Government in learning mode: Minister

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IOL news may5 collins

Kopano Tlape

Collins Chabane

A process has been started to turn government into a “learning” entity, Performance Monitoring and Evaluation Minister Collins Chabane said on Wednesday.

South Africa was faced with very complex socio-economic problems for which there were no simple or uncontested solutions, he told the National Assembly during debate on his budget vote.

“For this reason, this administration has started a process of turning government into a learning organisation, which does not just keep doing the same old things in the same old way, regardless of whether or not they are working,” Chabane said.

“We are changing government into an organisation which constantly collects evidence on whether or not its policies and programmes are working, and we use this evidence to inform interventions we make.”

The department's primary role was to change the culture and develop the skills of the public service in monitoring and evaluation.

The idea was for all managers at all levels to regularly monitor and evaluate their own work to improve their performance.

“This is the only way that we will get government to work faster, harder and smarter,” the minister said.

In this regard, the department was engaged in a range of monitoring and evaluation capacity building initiatives.

Chabane said the department had been focusing on monitoring implementation of the economic infrastructure delivery agreement.

This indicated much progress had been made, but that more attention needed to be paid to areas such as the acceleration of the electrification programme, increasing demand-side energy savings, and improving the maintenance of municipal electricity distribution infrastructure.

Further improvements in productivity were required at the ports, and it was necessary to put in place an appropriate pricing strategy for water.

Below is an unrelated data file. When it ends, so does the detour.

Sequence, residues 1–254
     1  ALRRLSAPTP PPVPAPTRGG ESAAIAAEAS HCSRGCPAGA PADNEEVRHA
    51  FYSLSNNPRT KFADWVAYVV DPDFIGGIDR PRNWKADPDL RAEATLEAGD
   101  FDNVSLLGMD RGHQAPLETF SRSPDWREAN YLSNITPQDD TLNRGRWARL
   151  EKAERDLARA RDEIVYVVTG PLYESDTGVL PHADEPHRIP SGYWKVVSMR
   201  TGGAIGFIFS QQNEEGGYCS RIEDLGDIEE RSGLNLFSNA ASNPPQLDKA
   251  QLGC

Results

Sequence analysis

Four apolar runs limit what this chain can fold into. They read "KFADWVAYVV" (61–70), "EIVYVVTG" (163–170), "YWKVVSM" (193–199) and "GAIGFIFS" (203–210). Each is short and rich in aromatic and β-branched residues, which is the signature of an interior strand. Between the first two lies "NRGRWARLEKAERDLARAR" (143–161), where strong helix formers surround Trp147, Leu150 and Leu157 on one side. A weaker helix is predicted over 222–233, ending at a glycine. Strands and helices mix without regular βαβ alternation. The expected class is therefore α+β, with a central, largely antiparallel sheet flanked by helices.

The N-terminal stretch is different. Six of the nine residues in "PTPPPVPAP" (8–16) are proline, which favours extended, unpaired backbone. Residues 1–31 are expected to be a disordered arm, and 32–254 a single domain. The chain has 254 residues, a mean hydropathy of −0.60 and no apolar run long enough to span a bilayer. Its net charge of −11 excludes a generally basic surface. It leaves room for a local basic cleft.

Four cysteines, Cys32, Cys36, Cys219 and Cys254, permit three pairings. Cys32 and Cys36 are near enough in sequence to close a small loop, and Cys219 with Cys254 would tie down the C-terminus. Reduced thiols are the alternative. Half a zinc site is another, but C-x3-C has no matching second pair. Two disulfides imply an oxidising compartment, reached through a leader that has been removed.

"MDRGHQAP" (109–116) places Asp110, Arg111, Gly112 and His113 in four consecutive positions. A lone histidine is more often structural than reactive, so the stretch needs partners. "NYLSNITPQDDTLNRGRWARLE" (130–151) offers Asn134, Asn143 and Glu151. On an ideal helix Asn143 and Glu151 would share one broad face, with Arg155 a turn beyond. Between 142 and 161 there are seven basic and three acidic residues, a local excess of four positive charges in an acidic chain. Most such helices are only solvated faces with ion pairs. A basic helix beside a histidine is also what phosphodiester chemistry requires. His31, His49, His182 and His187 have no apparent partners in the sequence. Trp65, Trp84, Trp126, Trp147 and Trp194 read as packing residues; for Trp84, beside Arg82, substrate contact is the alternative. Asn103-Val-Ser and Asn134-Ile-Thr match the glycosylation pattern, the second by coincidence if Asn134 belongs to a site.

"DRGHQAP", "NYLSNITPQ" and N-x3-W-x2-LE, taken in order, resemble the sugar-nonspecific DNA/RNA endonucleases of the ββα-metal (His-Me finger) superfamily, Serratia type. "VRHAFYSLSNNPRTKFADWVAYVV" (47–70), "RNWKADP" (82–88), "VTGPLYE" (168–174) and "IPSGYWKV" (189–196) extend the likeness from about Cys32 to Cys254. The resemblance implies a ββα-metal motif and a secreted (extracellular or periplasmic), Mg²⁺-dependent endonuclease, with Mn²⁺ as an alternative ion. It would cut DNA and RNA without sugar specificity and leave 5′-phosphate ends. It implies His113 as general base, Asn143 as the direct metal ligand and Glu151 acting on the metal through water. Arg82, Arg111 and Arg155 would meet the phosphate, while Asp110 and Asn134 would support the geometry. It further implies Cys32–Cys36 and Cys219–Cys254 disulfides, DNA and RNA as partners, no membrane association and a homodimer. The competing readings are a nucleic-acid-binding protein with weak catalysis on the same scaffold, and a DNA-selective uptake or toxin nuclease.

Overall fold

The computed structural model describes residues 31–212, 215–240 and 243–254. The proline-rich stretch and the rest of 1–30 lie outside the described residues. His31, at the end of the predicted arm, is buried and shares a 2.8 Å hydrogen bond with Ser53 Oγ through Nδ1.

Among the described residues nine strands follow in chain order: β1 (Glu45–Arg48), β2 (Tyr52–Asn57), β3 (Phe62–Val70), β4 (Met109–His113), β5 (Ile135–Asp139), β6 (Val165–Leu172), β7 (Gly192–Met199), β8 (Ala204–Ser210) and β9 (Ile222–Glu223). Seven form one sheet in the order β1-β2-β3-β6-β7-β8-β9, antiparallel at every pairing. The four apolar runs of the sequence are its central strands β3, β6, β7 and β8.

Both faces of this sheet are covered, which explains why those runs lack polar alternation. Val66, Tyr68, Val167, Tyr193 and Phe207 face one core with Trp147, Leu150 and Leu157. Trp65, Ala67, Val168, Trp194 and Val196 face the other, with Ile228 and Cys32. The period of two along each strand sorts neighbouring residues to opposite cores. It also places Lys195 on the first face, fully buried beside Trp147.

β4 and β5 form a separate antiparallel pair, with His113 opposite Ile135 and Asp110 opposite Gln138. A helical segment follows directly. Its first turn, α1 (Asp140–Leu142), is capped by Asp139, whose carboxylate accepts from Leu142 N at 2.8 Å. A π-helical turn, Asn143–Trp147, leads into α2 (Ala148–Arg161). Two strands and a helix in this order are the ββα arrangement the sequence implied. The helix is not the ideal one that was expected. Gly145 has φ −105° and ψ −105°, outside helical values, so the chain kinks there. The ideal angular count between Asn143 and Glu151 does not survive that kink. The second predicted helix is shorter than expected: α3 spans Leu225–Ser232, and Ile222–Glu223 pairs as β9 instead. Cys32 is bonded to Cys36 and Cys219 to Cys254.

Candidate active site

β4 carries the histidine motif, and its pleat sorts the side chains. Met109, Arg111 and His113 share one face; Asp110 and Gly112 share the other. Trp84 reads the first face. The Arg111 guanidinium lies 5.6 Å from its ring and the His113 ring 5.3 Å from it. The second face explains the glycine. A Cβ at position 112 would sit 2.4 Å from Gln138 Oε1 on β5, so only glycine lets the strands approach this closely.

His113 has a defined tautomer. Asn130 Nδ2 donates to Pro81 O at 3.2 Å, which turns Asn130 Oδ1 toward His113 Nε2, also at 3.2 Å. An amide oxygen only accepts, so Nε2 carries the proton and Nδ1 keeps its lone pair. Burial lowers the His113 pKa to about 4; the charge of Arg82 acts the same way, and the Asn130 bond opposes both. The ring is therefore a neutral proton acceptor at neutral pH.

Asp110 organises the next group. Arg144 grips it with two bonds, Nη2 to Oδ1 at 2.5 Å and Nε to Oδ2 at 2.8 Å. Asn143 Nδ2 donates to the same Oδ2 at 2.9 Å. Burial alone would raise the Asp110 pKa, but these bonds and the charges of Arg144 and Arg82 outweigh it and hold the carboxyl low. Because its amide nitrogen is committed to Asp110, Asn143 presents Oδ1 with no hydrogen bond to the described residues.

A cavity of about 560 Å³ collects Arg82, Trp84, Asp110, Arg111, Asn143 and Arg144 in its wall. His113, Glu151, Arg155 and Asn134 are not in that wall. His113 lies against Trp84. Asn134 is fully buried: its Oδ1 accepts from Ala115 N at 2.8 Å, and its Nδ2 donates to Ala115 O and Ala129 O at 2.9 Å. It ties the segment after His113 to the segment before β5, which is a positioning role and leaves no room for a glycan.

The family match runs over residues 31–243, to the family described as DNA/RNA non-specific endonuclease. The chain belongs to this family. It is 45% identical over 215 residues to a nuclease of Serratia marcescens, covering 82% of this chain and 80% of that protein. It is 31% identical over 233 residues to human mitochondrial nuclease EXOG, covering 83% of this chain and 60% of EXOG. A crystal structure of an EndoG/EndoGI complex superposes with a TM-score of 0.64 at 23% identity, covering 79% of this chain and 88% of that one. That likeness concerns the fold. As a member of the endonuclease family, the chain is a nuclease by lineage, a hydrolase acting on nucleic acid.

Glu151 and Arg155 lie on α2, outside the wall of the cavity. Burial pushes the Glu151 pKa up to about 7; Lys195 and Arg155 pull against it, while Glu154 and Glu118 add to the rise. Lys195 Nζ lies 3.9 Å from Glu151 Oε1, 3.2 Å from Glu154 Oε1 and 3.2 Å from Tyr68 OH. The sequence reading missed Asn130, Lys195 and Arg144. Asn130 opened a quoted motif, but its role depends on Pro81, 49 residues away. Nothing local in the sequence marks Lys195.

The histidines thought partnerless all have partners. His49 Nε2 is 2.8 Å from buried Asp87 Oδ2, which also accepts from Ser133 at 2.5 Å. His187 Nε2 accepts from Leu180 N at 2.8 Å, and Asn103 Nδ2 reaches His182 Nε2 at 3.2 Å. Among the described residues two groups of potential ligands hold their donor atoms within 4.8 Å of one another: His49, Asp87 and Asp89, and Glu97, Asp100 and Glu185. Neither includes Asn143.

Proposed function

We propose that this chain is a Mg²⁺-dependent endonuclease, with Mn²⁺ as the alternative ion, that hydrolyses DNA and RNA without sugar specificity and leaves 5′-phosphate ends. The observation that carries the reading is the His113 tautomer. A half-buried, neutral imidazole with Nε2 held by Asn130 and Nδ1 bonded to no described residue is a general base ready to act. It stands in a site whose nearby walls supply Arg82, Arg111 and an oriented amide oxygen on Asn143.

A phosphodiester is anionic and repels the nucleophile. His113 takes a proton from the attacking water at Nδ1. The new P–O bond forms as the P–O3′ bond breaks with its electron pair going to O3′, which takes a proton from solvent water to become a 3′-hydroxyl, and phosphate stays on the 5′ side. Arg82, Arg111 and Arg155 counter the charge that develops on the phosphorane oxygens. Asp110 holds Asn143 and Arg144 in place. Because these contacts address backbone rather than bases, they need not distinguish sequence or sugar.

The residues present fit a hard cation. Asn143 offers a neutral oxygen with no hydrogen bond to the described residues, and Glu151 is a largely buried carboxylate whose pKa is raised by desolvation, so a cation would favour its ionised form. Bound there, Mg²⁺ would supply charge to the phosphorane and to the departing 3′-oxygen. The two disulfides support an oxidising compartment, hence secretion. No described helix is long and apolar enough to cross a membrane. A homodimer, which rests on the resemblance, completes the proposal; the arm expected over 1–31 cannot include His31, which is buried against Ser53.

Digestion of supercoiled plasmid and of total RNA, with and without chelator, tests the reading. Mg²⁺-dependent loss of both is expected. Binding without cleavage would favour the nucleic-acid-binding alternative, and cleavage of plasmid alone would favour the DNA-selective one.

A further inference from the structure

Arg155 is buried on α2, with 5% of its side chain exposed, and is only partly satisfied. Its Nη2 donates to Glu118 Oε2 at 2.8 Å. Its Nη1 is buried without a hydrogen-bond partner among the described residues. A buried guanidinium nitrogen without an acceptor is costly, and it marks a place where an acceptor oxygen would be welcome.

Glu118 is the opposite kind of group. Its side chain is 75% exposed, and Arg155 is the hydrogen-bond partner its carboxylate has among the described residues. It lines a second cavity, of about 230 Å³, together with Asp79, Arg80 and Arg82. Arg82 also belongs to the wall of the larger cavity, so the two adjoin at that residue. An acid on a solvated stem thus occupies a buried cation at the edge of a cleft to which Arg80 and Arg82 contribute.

In addition, the sanitation programme would need to be improved and accelerated if the 2014 target of 100 percent access to safe sanitation facilities was to be met.

The Presidential Infrastructure Co-ordinating Commission had been created to accelerate infrastructure progress and to oversee efforts to address these problems.

“We have been contributing to the work of the commission directly and through our monitoring of municipal, social, and economic infrastructure delivery.

“We have also been working with National Treasury and the Construction Industry Development Board, to put in place a mechanism to monitor progress with infrastructure projects at all levels of government.”

The board was now in the process of establishing the projects register, which would serve this purpose, he said.

Chabane said the outcry among small businesses regarding the issue of not being paid by the state within 30 days was justified.

Departments were reporting thousands of invoices which had not been paid within 30 days, and most of the reasons for this related to weaknesses in internal management practices.

“Our expectation is that the focus of Fosad (Forum of SA Director Generals), Cabinet, and the President's Co-ordinating Council on this issue will result in accounting officers paying attention to monitoring and addressing the problems in their own departments,” Chabane said. - Sapa


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